It has been some time since we have done one of those “interesting people” type columns. I like those because I get to have pleasant conversations with people who are leaving their mark on those around them and tell their stories or, at least, part of their story to the readers of this space.
I met with Judy Helton the other day at her recently acquired Bonita Mesa home that she and her husband Dave are modestly remodeling to suit their needs. This is one of those one-story ranch-style homes built on the Bonita mandatory half-acre plot in the mid ’50s.
As with many homes of that era it has an ample number of fruit trees that the Heltons say are going to keep them and a few relatives and friends in fresh fruit practically the year round.
Judy is an ordained minister. I, however, knew her first as an artist and a teacher. She is one of the Sweetwater school district’s teachers of the fine arts who concentrate on the development of the talents of other artists, those persons who are retired from other tasks and who have a leaning, and a love, for this particular genre. Some years back I was one of those part-time students who tried his hand at water color under her tutelage.
Though I was utterly lacking in talent I learned that in the acquiring of certain techniques the entire art picture becomes clearer. And, as a result, the finished product, though not hanging in a museum, will have some redeeming features.
Judy and I spoke of those times the other day. I learned that a person can have not only a love for two vocations in a lifetime but can have those vocations work in tandem: that is, complement one another. Judy liberally borrows from one entity to strengthen and emphasize the other. She has a deep love for the fine arts. She, like many others who have been in the teaching business, realizes that without the arts there is something lacking in the education of people, particularly the young.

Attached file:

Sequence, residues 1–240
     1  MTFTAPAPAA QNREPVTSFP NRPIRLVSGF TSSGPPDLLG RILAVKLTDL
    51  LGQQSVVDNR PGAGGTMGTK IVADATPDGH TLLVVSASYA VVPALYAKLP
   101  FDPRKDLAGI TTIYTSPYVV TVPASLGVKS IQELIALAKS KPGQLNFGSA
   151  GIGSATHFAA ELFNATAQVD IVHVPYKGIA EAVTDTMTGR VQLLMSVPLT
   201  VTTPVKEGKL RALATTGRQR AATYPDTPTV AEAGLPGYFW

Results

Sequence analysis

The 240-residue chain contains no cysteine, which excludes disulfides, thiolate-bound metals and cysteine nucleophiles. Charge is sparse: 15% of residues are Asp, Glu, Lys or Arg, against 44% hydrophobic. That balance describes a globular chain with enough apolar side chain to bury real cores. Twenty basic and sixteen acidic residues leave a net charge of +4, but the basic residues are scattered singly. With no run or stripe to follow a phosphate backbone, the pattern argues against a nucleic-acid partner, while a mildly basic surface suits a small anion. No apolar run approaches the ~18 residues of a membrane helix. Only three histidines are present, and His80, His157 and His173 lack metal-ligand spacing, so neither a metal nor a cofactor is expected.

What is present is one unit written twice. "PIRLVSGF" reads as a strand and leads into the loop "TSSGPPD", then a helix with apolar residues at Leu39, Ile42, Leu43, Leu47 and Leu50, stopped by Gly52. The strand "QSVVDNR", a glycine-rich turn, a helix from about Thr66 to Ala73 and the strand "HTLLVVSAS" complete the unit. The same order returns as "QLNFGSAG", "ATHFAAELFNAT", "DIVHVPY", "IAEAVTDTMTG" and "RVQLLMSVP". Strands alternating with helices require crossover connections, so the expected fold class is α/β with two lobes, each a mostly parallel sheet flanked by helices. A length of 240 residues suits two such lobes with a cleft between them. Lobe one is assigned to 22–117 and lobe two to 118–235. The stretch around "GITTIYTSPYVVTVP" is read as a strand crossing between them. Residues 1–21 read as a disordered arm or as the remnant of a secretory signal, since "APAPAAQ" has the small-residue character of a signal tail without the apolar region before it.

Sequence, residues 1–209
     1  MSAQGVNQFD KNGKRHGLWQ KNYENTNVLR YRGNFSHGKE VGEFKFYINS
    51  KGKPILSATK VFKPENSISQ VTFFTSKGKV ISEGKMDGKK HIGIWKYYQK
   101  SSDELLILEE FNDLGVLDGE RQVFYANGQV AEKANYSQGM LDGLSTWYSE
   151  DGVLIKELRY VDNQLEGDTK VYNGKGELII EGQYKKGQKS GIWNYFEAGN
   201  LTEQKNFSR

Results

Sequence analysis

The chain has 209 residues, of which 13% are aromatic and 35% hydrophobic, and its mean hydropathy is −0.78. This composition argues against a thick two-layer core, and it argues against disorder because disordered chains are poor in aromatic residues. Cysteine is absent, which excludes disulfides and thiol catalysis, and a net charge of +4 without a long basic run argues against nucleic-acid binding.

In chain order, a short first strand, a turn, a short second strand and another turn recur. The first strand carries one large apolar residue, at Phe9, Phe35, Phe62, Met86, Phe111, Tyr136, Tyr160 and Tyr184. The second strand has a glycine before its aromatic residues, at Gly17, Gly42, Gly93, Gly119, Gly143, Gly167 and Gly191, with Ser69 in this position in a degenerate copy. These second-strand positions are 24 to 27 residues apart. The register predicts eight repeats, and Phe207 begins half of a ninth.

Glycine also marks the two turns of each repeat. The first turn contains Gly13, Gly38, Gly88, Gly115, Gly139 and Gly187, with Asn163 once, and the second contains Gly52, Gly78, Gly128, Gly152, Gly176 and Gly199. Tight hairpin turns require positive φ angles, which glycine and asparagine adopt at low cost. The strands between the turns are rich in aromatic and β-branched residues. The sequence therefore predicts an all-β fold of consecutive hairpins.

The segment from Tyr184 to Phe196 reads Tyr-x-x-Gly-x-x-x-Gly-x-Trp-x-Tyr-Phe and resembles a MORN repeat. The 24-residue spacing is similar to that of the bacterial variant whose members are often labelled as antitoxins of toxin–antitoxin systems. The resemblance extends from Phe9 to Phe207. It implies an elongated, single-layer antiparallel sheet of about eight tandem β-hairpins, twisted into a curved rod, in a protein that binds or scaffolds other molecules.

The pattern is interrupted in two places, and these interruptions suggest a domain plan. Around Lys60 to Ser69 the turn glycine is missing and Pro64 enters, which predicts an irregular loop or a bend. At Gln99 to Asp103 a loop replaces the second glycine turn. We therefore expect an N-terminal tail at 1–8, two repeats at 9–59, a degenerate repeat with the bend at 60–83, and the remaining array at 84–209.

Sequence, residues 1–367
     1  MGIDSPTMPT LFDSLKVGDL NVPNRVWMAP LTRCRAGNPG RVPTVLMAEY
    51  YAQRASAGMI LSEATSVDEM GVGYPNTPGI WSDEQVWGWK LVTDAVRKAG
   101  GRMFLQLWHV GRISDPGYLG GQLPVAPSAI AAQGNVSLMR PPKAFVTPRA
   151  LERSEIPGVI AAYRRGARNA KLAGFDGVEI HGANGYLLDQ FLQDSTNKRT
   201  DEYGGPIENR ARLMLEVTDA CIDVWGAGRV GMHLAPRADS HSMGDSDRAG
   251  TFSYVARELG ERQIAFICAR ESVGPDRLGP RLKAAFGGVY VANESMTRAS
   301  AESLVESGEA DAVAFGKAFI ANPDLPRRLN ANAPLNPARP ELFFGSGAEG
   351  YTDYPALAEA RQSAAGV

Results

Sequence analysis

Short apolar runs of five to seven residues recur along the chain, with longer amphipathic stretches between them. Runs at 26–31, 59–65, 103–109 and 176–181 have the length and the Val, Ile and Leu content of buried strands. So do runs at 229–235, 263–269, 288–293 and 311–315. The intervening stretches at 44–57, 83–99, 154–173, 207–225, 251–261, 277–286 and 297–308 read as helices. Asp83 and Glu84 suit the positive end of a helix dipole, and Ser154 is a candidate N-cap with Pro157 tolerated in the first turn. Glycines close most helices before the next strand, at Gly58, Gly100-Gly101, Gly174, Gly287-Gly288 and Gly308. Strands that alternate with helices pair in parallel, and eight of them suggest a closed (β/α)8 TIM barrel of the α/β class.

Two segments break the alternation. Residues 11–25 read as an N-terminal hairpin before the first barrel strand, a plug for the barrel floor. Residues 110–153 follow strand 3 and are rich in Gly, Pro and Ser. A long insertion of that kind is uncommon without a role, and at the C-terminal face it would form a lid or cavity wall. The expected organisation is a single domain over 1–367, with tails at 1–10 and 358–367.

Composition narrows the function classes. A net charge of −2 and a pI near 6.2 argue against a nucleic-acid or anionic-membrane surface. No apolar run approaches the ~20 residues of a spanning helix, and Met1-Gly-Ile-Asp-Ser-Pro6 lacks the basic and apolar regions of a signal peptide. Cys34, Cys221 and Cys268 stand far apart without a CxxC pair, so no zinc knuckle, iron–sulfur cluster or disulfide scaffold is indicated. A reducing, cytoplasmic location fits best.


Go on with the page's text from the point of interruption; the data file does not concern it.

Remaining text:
Although Judy has major degrees she confesses that she has never taken an art course. What she accomplishes in the venue is something that is derived from an innate ability for the medium and the trial and error of practice. It is this result that is passed on to her students. One learns by doing and, by doing it repeatedly, acquires an appreciation for the venue. The teacher, Judy believes, is the person who can awaken this talent in the individual. She believes — and rightly so — that she has that ability.
One of Helton’s occupations as an ordained minister has been in missionary work. She has traveled extensively in this endeavor. She has had assignments that have taken her to Haiti, Bolivia and Korea and has seen the abject conditions suffered by some populations.
She was particularly touched by the children of Haiti. In teaching those in foreign lands, however, she remained true to her strengths, liberally inserting art into her missionary tasks. Her assignment in Haiti was prior to the recent earthquake and imagines conditions are now much harsher than during her stay.
Judy and her husband are preparing another trip. This will be a cross country motor trip. They have one of those large, comfortable fifth wheelers that will be their home for nine weeks. Their intentions are to explore some of the areas also explored by early European settlers. They plan to spend some time in Pennsylvania and other eastern points of interest. They will, of course, take numerous photographs, images that will be used in art classes that she will teach in the fall.
Much of the Helton’s spare time on their journey, we would imagine, will be spent writing and mailing postcards. With an extended family consisting of children who have produced 12 grandchildren and a couple of great-grands, we imagine the pen will be busy.